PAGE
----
Prune ninebark after it flowers, or no later than mid-August, to maintain its shape and to improve air circulation around the plant. One-third of the branches can be cut with each pruning, focusing on older and damaged branches, as well as those that cross and rub each other.
Older shrubs can be radically pruned close to the ground before winter to encourage better leaf and flower growth come spring. Ninebark tends to bounce back well after pruning.
Woody shrubs can be tricky to propagate, and it can take quite a while (sometimes a year or more). However, stem cuttings from ninebark are relatively easy to root. You need to do so when the plant is dormant.
To propagate by cuttings:
- Gather your pruning shears, rooting hormone, a zippered plastic bag, and sphagnum moss or wood shavings
- In late fall or early winter, cut several pieces of hardwood branch (not softwood tips) from your shrub. Make cuts about 1/2 inch thick and 4 to 6 inches long. Each cutting should have at least two nodes (bumps on the branch where leaves sprout). Make the bottom cut just below a node and the top cut about 1/2 inch above a node.
- Dip the bottom of each cutting in rooting hormone. Gather the cuttings together and secure them with a rubber band.
- Place the bundled cuttings in a plastic bag filled with slightly moist sphagnum moss or wood shavings. Store the cuttings in the refrigerator to keep them dormant.
- In early spring, as soon as the ground can be worked, separate the bundled cuttings and plant them in the soil, making sure the tops are facing up. Bury them so that all but the top nodes are below ground.
- Water the cuttings regularly. They will require a full growing season to develop roots, but in late fall or early spring, your fully rooted cutting will be mature.
To propagate straight from the mother plant (layering):
- Gather a shovel and pruning shears
- Bend down one of the flexible branches of your mother plant so that a portion of it is buried in the soil, leaving the tip of the branch exposed. When secured in place, the buried portion will send out roots from its nodes.
- Once the branch has developed ample roots (it can take a full growing season), snip it free from the mother plant and transplant the rooted cutting elsewhere.
How to Grow Ninebark from Seed
Ninebark shrub is best propagated from cuttings, however, you can sow seeds collected in the fall. To do so: In the spring, combine a mixture of peat, pine bark, sand, and perlite in a 5-gallon bucket; add water until it feels moist. Divide the mixture into 5-inch pots and sow two seeds per pot at 1/8 inch depth. Cover with a dusting of the mixture and heavily mist the top. Place the pots outdoors in a sheltered, lightly shaded area where temperatures will not drop below 50 F. Maintain moist soil until the seeds start to germinate (this can take three weeks to two months), and then pluck the leggier of the two seedlings in each pot to allow the other to grow all summer long. In the fall, bring the pots indoors until the following spring when the baby shrubs can be planted outside in the ground.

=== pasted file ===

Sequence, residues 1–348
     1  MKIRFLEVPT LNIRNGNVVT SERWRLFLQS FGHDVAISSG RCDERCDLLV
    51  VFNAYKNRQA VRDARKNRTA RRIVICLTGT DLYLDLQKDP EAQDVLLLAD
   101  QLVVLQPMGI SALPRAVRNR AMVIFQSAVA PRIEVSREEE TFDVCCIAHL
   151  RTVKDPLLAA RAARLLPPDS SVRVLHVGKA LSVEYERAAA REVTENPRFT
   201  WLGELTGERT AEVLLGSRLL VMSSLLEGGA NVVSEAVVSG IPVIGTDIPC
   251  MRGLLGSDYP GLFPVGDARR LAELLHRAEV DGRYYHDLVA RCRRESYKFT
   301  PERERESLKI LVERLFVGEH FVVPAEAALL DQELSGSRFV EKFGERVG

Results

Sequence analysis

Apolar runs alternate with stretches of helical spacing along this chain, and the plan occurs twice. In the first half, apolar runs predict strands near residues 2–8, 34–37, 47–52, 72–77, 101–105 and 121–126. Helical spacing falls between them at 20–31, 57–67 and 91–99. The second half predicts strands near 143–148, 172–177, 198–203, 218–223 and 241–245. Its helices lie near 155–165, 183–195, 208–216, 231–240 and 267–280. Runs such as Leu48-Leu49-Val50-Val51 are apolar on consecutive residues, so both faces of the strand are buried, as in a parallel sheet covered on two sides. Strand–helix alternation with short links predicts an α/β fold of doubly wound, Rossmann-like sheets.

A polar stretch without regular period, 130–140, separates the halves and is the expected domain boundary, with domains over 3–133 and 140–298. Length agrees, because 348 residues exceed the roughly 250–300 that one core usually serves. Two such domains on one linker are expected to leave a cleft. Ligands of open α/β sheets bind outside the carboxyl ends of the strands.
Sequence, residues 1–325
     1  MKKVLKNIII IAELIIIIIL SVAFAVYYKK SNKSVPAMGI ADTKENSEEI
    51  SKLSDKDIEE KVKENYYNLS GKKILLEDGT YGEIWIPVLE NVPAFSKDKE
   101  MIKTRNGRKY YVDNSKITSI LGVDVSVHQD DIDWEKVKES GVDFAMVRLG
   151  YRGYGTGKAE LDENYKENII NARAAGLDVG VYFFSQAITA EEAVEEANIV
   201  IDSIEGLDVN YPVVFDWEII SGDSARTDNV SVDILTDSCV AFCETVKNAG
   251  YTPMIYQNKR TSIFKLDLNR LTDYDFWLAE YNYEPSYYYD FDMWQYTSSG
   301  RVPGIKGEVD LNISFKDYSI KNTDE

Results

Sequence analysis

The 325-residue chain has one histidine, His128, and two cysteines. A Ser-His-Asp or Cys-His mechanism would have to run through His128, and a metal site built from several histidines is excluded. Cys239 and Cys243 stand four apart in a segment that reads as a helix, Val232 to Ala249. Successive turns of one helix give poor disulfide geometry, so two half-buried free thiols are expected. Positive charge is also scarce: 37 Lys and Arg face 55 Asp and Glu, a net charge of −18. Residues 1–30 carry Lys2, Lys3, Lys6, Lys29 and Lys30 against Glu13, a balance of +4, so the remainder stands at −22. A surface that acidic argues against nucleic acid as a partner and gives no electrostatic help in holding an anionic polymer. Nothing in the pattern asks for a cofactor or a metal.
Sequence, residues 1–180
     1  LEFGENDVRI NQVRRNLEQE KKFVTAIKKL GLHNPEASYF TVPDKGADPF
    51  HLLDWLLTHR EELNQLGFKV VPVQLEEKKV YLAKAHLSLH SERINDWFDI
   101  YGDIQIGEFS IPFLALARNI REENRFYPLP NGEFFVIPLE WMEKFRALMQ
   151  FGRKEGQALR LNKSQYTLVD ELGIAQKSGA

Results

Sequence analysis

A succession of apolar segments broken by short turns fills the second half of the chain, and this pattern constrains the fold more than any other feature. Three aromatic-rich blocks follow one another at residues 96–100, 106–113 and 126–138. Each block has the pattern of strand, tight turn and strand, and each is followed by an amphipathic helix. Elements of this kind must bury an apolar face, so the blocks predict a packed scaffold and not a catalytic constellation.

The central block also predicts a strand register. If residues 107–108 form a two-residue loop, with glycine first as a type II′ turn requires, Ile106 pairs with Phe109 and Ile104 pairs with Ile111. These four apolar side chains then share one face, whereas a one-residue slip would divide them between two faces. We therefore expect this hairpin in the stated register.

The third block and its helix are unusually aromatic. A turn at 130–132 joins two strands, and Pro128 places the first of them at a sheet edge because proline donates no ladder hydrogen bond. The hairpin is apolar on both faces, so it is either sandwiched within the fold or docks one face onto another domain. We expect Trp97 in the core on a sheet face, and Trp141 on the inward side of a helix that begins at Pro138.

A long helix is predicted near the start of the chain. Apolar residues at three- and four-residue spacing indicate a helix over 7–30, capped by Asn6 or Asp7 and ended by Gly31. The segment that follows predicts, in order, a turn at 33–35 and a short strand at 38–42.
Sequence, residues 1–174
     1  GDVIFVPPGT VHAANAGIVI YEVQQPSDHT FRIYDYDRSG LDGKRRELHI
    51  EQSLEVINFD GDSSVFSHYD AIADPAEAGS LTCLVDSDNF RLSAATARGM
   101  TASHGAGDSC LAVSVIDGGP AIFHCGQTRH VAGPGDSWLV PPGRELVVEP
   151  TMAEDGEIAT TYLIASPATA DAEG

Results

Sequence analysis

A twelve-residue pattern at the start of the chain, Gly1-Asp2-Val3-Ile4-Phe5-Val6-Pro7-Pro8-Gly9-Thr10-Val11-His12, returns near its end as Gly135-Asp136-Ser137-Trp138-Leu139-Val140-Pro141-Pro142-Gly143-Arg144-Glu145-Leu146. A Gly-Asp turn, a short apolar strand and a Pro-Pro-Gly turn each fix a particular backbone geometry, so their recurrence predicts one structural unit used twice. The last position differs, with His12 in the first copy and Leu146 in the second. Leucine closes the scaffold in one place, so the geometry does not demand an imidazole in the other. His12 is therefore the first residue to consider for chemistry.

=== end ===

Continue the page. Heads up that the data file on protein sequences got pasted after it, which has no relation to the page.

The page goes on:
Before the first frost, prepare your ninebark bush for winter by pruning back any dead or broken branches. Some gardeners like to keep the bush intact, as the peeling bark and turning leaves add to the garden's winter aesthetic. Others like to cut the bush 3 to 4 inches from the ground. Continue watering the plant through the fall, and cover the base with mulch before the plant reaches its winter dormancy.
Common Pests & Plant Diseases
Ninebark shrub is susceptible to aphids, which can be controlled by spraying the plant with a steady stream of water to knock off the pests, or by misting the shrub with neem oil or another organic spray. With proper upkeep, established ninebark shrubs are free of most problems. Fireblight, powdery mildew, and leaf spots may occur, but are rarely fatal. Badly damaged branches can be pruned away to avoid most diseases.
How to Get Ninebark to Bloom
Ninebark needs ample sunlight in order to show its beautiful white blooms each spring. Six hours of sunlight a day should be sufficient. Since the shrub blooms on old growth, pruning and shaping it each fall helps flowers proliferate. That said, if you prune your bush in the spring, you may cut away some of the growth on which flowers will bloom.
Common Problems with Ninebark
This hardy plant has very few issues, however, it can fall susceptible to leaf curling and wilting with improper care. In order to prevent this, make sure your plant gets enough water and sunlight, and prune it back and mulch around it before winter.
Where does ninebark bush grow wild?
The shrub is found naturally across the eastern United States, stretching west into the Dakotas and south to northern Florida. Northward, it extends well into Canada. One variety thrives in the Rocky Mountain region and west to Oregon and Washington.
How fast does ninebark bush grow?
This bush can reach full maturity in one year and may become overwhelmingly large without annual pruning, due to its fast-growing nature.
Is ninebark invasive?
This fast-growing shrub usually maxes out at 3 to 4 feet wide and can be easily cultivated to suit your garden needs, deterring its spread. For this reason, many gardeners prefer ninebark to barberry bush, which is becoming invasive in many regions.